By Fumbuka Ng'wanakilala
DAR ES SALAAM (Reuters) - U.N. world heritage body UNESCO says Tanzania will reconsider plans for a major road across its Serengeti National Park that critics said would upset one of Africa's top wildlife spectacles -- the annual migration of some two million wildebeest.
The United Nations Educational, Scientific and Cultural Organization said Tanzania's Natural Resources and Tourism Minister Ezekiel Maige announced the decision at the World Heritage Committee's meeting in Paris which ends on Wednesday.
"Tanzania has stated it will reconsider its north road project, which would have split the northern part of the Serengeti wilderness and seriously disturbed the migration patterns of animals there," UNESCO said on its website.
"The alternative is to maintain the 53 km stretch of gravel road mainly for tourism and administrative purposes."
Maige told Reuters the Ministry of Works was yet to make its final decision on the road which Tanzanian President Jakaya Kikwete has insisted would not affect wildlife in the area.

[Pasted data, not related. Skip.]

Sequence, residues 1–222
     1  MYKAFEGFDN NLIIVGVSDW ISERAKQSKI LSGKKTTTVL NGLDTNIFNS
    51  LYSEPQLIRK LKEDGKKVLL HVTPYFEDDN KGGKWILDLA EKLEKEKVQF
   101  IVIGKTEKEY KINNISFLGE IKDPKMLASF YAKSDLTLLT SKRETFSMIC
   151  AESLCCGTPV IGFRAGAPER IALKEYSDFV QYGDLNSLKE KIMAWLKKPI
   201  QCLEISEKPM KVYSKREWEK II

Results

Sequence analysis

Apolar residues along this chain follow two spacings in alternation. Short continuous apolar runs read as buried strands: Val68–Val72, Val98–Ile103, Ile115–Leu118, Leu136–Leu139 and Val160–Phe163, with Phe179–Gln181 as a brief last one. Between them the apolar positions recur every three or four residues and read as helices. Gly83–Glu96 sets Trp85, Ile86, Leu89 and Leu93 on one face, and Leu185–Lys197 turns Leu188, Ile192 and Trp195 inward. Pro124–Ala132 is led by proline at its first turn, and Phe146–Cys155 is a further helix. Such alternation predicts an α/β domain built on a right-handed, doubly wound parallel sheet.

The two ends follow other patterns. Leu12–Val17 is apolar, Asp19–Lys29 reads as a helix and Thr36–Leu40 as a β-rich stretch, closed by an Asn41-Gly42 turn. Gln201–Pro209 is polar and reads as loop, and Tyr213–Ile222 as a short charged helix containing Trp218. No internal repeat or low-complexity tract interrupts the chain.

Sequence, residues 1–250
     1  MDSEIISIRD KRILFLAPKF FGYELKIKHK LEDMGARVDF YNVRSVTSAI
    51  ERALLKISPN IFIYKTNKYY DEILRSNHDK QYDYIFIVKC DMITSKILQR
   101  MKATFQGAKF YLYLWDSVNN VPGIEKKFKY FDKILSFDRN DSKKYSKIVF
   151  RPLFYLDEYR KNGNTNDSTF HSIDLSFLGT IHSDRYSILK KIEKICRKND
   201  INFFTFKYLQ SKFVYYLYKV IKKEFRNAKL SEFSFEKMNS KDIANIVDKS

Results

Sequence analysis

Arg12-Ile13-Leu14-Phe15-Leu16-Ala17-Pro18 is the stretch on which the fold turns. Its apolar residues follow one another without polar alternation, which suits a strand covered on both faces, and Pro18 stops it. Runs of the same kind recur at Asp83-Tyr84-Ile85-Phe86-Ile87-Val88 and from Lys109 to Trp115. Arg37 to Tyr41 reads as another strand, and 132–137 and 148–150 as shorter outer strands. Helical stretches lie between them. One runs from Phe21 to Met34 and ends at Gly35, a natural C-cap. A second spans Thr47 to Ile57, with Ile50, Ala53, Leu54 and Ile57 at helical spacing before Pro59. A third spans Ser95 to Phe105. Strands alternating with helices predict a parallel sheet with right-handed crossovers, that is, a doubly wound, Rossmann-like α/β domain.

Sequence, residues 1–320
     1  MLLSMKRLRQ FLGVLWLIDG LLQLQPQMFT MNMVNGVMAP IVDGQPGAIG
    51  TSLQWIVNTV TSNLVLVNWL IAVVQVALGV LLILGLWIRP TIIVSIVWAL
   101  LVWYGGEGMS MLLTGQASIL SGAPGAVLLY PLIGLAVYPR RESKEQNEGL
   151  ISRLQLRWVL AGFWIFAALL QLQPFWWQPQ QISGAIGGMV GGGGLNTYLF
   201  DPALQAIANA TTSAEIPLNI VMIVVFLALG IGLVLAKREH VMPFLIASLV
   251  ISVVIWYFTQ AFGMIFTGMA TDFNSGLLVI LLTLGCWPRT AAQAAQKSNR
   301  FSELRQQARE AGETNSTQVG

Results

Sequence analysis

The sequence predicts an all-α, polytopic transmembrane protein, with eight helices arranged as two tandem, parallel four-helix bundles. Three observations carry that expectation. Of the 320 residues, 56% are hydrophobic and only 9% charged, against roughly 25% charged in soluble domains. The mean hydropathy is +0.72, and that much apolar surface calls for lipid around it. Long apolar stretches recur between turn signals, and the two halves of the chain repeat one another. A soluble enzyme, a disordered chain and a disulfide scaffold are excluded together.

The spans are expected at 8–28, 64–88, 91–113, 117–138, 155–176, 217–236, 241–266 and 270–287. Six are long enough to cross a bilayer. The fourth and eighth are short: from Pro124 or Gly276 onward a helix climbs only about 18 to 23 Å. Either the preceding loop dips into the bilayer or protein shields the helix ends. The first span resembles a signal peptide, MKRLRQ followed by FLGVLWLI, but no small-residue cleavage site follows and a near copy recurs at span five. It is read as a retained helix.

Tanzania has increased infrastructure spending in its 2011/12 budget by 85 percent to 2.78 trillion Tanzanian shillings ($1.73 billion).
It is unclear if the Serengeti road is among infrastructure projects due to receive funding from the government this year.
UNESCO has urged the international community to provide support to Tanzania for an alternative route, running south of Serengeti National Park and Ngorongoro Conservation area.
The World Bank said in March it has offered Tanzania an alternative to stop the Serengeti road project.
Kenya welcomed the decision.
"It is a win for both Kenya and Tanzania," Tourism Minister Najib Balala told a news conference in Nairobi.
(Additional reporting by Humphrey Malalo in Nairobi; Editing George Obulutsa and Louise Ireland)